I have been rather derelict in getting the garden cleared out for spring planting, although THAT would be easier if we did better at cleaning and prepping the planting beds in the fall. Sigh. One of these days, it will happen. Anyway, I have been trying to spend a few hours a day weeding and luckily everything but the dumb, stupid burdock has been easy to pull out. However, all of a sudden wild mustard plants have taken over the garden, which is irritating because that is the one weed we haven't had before and they are seriously invasive. They do have beautiful yellow flowers though and fields of them have inspired a whole series of paintings but I would like them to stay out of my vegetable garden, please.
Three beds back in the corner that still need weeding (they are done now):
This is where the tomatoes are going this year and I have handed the weeding duty over to Doug as I suspect some serious shoveling will be necessary (he is the shovel guy):
And proof that our weeds don't need much in the way of light, air or water. A tarp has been on this section for a few years now (clearing that spot is rather low on our list as it is in a shaded area) and every year the weeds under it raise it up off the ground about three feet:
But there are some bright spots. The garlic is looking good:
The raspberries look great this year (even if they are sending shoots off into the neighboring beds). And most of the beds are cleared now, ready for some mulch and then planting:
We are still a few weeks from planting for most things though, and I really should have gotten the peas and carrots in already, but I am planning to get them in this week. Oddly, my greens that I planted several weeks ago in the cold frame didn't come up, so I guess I messed up the system somehow. I am going to try planting greens again in the regular beds. Oh and the perimeter fence needs much attention. I am pretty sure that last year deer were just strolling in every night and eating everything from the top down. They LOVE peas and broccoli, just so you know.
Update on the birds and the bees:
Yes, my new chicks have arrived, just this morning in fact:
We are establishing a new coop for them as our old hen house is too small and plus it's really tough to integrate flocks. So Doug spent a few days putting up plywood on the interior of a small room in our crappy old garage. We wanted to build an entirely new building, but it wasn't in the budget and this was the next best, cheap idea. And actually it seems pretty luxurious to me, it has power and is very close to water (the garage is attached to the kitchen) so we can brood them in their coop. Doug still has to build the nests and an outdoor chicken run, but we have time for that.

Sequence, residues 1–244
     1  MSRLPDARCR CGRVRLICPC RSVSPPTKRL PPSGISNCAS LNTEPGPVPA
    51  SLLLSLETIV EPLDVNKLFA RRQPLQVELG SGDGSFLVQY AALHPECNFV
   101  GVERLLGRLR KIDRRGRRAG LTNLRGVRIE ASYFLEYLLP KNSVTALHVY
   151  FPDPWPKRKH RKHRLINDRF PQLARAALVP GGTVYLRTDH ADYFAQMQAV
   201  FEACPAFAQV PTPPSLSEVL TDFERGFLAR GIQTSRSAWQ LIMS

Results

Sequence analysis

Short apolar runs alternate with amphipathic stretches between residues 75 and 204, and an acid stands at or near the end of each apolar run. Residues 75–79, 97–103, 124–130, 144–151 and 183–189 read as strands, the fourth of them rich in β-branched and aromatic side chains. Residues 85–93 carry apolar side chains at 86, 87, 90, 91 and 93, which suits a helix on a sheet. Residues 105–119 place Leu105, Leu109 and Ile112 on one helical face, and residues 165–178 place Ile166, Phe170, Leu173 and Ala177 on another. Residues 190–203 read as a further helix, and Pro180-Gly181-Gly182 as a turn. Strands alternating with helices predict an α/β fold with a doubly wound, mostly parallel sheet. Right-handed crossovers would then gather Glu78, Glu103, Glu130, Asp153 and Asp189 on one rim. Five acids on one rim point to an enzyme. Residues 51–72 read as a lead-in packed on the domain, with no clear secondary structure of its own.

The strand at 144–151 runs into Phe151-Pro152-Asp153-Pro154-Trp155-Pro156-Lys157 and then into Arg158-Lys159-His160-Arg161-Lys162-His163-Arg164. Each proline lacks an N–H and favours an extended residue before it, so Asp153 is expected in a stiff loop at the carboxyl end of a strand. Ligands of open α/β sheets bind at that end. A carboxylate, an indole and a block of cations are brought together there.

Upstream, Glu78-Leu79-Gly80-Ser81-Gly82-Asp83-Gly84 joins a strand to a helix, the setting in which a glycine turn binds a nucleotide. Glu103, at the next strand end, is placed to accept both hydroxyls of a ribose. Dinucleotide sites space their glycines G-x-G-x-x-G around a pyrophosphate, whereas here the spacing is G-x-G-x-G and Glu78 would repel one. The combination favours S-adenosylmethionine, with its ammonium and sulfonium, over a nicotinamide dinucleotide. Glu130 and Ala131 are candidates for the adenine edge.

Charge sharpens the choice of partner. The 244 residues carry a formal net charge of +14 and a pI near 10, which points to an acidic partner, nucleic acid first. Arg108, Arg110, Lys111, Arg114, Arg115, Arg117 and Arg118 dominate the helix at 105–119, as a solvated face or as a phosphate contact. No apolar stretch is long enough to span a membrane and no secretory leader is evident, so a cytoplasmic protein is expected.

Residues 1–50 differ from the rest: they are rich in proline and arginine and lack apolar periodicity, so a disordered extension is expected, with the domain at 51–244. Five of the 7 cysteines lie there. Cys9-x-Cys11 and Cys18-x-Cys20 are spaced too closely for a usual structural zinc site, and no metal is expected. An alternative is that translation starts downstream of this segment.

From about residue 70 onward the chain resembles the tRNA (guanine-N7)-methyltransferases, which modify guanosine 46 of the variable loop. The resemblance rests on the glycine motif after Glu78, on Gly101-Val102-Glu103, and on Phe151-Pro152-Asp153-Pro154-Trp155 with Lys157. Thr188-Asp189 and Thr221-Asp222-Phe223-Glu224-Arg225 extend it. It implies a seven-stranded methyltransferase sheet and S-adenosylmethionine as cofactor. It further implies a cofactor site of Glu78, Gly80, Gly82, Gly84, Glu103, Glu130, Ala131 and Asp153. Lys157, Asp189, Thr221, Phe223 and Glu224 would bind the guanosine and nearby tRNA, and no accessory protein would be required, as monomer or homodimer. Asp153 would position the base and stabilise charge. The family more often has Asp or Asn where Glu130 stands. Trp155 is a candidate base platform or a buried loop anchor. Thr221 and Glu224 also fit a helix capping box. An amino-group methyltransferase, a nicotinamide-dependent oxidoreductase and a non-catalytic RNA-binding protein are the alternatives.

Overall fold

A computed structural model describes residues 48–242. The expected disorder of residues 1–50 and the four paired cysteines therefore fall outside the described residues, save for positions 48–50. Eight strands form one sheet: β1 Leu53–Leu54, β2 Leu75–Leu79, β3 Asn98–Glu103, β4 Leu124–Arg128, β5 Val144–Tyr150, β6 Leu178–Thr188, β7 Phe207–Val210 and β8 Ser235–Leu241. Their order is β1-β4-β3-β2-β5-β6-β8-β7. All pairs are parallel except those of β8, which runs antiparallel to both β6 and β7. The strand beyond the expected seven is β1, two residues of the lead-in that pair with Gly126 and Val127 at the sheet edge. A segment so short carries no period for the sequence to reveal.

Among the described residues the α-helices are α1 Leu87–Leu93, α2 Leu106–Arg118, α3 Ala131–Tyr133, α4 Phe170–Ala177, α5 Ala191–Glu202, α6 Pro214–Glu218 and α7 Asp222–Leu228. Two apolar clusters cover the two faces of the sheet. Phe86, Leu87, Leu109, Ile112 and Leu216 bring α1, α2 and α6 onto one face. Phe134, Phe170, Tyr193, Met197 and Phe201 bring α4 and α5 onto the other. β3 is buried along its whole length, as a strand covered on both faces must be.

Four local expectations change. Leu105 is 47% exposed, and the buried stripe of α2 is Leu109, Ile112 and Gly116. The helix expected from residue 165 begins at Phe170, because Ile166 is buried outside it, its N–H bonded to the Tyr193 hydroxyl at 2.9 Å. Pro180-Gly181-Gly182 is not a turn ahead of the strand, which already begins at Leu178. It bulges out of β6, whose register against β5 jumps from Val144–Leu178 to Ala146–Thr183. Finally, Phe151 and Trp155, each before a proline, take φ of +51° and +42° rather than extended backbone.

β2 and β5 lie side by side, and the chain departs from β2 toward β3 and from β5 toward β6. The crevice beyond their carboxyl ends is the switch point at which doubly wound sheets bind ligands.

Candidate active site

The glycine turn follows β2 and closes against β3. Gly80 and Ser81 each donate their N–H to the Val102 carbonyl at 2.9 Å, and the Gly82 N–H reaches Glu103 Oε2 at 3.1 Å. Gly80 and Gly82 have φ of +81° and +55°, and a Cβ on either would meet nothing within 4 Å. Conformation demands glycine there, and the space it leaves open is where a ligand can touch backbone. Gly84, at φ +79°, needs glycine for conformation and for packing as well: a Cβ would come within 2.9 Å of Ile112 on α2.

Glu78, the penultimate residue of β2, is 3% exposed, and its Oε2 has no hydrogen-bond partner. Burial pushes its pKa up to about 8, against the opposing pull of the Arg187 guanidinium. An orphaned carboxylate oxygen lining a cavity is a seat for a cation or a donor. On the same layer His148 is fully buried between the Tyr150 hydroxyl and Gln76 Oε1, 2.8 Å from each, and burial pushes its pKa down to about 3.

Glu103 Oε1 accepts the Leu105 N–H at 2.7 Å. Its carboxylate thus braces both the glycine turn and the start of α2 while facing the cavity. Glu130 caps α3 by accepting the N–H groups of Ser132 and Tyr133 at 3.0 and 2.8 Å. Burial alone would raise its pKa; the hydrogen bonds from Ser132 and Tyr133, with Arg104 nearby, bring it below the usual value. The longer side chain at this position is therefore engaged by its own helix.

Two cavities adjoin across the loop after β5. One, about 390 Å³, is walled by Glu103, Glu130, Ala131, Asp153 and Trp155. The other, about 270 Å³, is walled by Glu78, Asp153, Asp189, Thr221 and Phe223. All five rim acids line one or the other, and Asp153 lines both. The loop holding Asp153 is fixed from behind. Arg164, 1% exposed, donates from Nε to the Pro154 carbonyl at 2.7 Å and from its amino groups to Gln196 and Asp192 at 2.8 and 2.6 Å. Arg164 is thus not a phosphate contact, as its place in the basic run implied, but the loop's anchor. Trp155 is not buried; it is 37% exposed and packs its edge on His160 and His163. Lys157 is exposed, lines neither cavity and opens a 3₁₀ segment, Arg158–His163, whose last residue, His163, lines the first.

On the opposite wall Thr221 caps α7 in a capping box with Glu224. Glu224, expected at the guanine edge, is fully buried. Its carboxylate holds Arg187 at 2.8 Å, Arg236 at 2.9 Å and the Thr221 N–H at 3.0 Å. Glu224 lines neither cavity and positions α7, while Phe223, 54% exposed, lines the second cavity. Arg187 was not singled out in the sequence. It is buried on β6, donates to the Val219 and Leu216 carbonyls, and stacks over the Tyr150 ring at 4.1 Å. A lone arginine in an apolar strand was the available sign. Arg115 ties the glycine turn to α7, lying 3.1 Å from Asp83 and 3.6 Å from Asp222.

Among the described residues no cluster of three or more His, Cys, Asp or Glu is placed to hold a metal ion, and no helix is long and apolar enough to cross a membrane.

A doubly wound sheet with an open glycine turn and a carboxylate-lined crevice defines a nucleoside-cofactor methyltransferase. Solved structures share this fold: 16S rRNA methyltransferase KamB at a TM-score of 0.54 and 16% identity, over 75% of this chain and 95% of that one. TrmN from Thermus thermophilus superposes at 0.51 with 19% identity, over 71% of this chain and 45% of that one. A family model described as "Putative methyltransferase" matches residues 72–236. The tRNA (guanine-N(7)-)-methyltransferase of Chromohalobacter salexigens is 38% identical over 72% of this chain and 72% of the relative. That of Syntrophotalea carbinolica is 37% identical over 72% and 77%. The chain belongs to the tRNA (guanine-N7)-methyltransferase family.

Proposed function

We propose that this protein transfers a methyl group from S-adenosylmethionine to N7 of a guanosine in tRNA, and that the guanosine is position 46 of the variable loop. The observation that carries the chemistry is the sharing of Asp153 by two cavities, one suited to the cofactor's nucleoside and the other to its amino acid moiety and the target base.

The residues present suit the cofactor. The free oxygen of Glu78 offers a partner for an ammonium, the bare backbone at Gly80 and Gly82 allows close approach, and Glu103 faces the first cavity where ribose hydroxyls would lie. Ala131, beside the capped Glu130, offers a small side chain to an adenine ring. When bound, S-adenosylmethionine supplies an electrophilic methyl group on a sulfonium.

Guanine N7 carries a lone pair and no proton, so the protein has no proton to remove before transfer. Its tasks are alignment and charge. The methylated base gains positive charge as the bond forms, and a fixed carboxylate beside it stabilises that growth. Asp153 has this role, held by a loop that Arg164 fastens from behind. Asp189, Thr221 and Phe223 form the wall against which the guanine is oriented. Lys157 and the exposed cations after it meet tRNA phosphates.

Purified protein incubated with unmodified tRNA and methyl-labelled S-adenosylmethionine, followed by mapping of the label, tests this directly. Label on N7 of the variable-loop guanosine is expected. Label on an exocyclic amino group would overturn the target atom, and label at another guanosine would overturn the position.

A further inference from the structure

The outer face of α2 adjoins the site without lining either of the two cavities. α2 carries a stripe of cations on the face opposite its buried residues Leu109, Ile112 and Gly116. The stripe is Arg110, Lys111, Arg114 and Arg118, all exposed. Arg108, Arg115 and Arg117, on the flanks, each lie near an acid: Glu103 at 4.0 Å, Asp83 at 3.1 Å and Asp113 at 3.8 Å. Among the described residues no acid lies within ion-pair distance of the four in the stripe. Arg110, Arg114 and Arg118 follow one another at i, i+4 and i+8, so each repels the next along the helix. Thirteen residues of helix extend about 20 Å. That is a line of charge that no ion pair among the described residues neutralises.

It's been about four years since we got our first chicks and three years since we got the second batch and I have forgotten about the stress level with these little chickies. I have already spent so much time worrying and checking on them today and it's only been a few hours! One difference this time though is that there are 45 chicks, well actually 44 since one was trampled to death in the shipping box, and the little cannibals were already pecking it apart by the time I picked them up, and so I now get to worried about their pig pile tendencies too. Heh. But I am going to cross my fingers that they will be ok, and later on after I get some work done I will go and check all of them for pasty butt*, yay!
Doug was planning to get two more bee hives this spring but when he went to pick them up on Saturday, he was told the bees were gone. A part of the whole disappearing bee problem evidently. So Doug is calling around today, trying to find someone who has bees. Our existing hive is doing great, very busy and active bees already working on their honey, so we were really hoping to add to all that.
And besides our WORK work, there is a long list of things that have to be done around here; I was going to list them, but it makes me feel overwhelmed! I will post photos
*Pasty Butt: Shipping can be hard on some chicks and a sign of that stress is that they get their butts pasted up with loose droppings. Keep a close eye on them for the first 5-6 days. If this happens, you must clean it up or they'll die. There are 2 methods: A -- you can softly moisten the plug with a warm moist cloth until you can pick it off, this being easier on the chick, or B -- you can simply pluck it off with the down it is stuck to. This is more painful to the chick, like having some hairs pulled, but has the advantage that without the down to stick to the problem will not repeat itself.